Chapter 16: When Stelia saw Dantor’s wound she felt as if a knife had been plunged into her own chest, and she gasped.

Chapter 17: With her gear stored in a narrow bunk, and her sword still strapped to her back, Clara followed her mom into the medical officer’s cabin.

Chapter 20: Five days of routine passed, with no sea serpents or foul weather.

Chapter 21: Two more griffins flying towards the ship interrupted all conversation, and all eyes turned upward to watch them soaring, and circling, slowing with each round until they landed one after another aboard the ship.

Chapter 22: Down on his knees, with his neck uncomfortably exposed, King Alexandros wanted only one thing . . . a swift death.

Friday, July 13, 2012

Love and Understanding

My Aunt Linda's memorial service is today. I've spent weeks trying to come up with words that make sense with her life, and my relationship with her.

My first memories of her are bad. She had a tendency to rage at family gatherings, smack her kids, threaten me.

And yet, before my memory, my mom says that Linda was the only one who could comfort me when I cried as a baby and toddler.

And there is a song that I learned by heart at her house in a jumble of memories that seem so early that they are in a fog.

When I was a teen, my Aunt turned to Jesus for help, and she changed. When before she would scream, she would get quiet and cry. She had a Christian friend, and met a Catholic priest who walked her into faith step by step. She got an annulment of her previous (and extremely violent) marriage, and joined the Catholic church.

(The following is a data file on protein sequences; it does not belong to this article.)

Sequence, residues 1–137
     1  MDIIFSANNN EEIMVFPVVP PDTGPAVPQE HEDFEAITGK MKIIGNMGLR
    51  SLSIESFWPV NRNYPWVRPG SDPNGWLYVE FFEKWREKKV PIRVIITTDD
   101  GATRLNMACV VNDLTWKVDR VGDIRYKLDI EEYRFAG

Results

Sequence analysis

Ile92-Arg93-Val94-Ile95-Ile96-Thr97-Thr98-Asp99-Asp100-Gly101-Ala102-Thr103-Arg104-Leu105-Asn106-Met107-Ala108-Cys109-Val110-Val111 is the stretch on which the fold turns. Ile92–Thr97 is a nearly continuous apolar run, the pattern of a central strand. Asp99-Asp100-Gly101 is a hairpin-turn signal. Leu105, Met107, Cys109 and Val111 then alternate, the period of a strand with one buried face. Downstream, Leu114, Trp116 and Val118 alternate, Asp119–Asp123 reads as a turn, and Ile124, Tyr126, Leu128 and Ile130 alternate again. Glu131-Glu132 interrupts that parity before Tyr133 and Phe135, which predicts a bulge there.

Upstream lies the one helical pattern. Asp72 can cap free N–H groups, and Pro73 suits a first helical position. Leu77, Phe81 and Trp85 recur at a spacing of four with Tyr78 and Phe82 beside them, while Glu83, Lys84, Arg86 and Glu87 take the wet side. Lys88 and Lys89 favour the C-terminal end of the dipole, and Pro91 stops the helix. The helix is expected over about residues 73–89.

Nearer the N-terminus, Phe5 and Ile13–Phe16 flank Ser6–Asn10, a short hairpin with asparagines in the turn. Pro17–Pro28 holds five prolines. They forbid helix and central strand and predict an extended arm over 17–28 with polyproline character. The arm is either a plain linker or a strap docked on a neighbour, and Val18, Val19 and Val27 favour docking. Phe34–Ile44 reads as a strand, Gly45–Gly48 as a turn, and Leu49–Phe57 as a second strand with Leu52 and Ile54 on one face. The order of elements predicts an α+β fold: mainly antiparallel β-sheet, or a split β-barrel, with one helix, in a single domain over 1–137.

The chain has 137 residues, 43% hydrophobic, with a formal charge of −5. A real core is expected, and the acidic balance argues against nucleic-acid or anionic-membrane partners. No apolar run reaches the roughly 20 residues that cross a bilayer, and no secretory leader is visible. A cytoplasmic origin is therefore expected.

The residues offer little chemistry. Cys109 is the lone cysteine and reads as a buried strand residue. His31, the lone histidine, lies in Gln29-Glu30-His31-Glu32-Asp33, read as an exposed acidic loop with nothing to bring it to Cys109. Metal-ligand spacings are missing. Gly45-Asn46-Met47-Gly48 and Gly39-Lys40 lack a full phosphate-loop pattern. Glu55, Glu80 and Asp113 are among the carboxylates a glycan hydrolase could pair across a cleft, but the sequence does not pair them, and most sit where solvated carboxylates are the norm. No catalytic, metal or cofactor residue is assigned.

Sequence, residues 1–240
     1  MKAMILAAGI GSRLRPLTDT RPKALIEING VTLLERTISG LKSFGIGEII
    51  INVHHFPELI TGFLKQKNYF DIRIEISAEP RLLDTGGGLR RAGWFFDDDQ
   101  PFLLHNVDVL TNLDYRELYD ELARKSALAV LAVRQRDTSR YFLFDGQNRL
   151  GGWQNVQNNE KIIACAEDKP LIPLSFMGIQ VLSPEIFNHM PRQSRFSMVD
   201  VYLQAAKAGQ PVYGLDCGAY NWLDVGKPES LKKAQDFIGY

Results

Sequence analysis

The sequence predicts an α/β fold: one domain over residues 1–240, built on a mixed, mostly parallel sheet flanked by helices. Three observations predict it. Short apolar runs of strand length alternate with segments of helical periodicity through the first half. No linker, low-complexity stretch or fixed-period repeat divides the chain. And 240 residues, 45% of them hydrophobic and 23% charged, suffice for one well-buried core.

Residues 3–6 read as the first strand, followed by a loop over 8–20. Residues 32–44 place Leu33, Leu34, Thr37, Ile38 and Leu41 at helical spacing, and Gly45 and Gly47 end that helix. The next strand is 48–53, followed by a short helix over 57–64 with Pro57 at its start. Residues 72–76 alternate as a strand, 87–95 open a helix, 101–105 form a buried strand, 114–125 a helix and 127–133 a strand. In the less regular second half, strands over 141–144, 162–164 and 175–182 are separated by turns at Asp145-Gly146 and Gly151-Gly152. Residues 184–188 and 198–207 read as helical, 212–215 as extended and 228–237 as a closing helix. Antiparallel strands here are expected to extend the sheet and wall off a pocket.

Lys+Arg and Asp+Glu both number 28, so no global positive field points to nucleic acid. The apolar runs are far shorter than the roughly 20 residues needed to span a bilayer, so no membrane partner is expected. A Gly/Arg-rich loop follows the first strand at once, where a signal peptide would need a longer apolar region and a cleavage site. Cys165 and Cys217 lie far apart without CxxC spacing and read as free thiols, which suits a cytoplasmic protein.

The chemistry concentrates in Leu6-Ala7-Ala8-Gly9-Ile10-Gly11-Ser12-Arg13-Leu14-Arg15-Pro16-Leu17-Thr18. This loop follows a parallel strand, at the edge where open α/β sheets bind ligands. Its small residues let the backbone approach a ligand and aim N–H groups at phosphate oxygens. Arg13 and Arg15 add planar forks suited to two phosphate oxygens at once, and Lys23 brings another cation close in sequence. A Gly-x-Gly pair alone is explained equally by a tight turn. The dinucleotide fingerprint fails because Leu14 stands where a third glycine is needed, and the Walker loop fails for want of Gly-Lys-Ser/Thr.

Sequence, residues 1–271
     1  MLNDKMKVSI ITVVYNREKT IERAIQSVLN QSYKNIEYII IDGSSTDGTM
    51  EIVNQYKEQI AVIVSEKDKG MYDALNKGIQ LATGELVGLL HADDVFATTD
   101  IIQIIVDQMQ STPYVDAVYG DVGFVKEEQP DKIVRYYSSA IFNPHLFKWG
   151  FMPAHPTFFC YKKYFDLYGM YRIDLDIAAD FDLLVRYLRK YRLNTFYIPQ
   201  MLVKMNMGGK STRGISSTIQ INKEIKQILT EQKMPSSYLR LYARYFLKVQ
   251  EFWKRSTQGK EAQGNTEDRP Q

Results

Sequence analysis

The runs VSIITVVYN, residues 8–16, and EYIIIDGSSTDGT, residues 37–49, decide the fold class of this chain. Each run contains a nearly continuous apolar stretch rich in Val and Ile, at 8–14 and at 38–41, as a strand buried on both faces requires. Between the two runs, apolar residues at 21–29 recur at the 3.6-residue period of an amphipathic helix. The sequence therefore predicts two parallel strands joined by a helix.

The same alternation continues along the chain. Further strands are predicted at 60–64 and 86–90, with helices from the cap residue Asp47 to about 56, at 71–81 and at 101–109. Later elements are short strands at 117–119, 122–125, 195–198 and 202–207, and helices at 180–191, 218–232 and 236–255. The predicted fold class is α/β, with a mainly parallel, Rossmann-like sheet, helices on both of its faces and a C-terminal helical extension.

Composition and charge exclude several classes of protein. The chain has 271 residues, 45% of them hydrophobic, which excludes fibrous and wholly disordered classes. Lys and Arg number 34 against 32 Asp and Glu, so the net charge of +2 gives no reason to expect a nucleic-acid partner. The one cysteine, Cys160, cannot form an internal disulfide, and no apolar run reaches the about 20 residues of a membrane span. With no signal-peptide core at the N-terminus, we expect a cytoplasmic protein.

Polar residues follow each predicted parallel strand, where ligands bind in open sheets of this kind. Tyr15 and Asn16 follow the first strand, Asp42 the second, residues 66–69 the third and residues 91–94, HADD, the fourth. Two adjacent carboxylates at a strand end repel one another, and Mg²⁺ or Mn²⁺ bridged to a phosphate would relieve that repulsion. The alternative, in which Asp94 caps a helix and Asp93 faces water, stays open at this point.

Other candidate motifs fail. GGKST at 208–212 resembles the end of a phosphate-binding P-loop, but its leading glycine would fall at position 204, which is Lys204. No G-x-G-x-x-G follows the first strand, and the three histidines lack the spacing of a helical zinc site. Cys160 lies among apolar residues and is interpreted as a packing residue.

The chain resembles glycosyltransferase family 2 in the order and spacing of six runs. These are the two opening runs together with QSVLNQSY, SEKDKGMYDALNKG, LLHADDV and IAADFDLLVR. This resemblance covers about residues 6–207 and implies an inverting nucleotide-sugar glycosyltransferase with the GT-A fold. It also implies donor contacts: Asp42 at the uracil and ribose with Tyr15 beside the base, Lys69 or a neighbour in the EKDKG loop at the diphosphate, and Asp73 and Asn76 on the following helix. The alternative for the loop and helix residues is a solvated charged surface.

She began to laugh more . . .a dry, husky laugh that resonated deep within her and poured out like rain on parched earth.

When I was in college, we attended a writers' conference together for a weekend. We discussed writing, life, and where to get the best burgers.

She bought a house after years of renting, and started to grow a beautiful garden, determined to clean up the tough neighborhood that she had moved into on purpose.

I wish I could say that her life only improved from there. In some ways it did, and in other ways it didn't. She still struggled with her bitterness and anger, leftover habits from a hard childhood, and hard early adulthood.

She loved her family fiercely and protectively. There are things I know about her life that her grandchildren don't know, and may never know. She asked me years ago never to tell them certain details about her life, and I understand.

That is the part that amazes me sometimes. I didn't always like my Aunt Linda, but I understood her and I loved her. Her life and her character help shaped my own. She was a beautiful woman, a beautiful artist, a talented writer and gardener. She found and made beauty in the midst of tough circumstances.

And this is the song that will always remind me of her life, the song that I remember from a time before my memories really start.

an addendum, after the memorial service: At my Aunt Linda's memorial service, the priest and my cousin Brandon pointed out a pattern in my Aunt's life: when she relied on Jesus, she was happier, brighter and more beautiful. Her faith held her together.

Wednesday, July 11, 2012

Road Tripping and Writing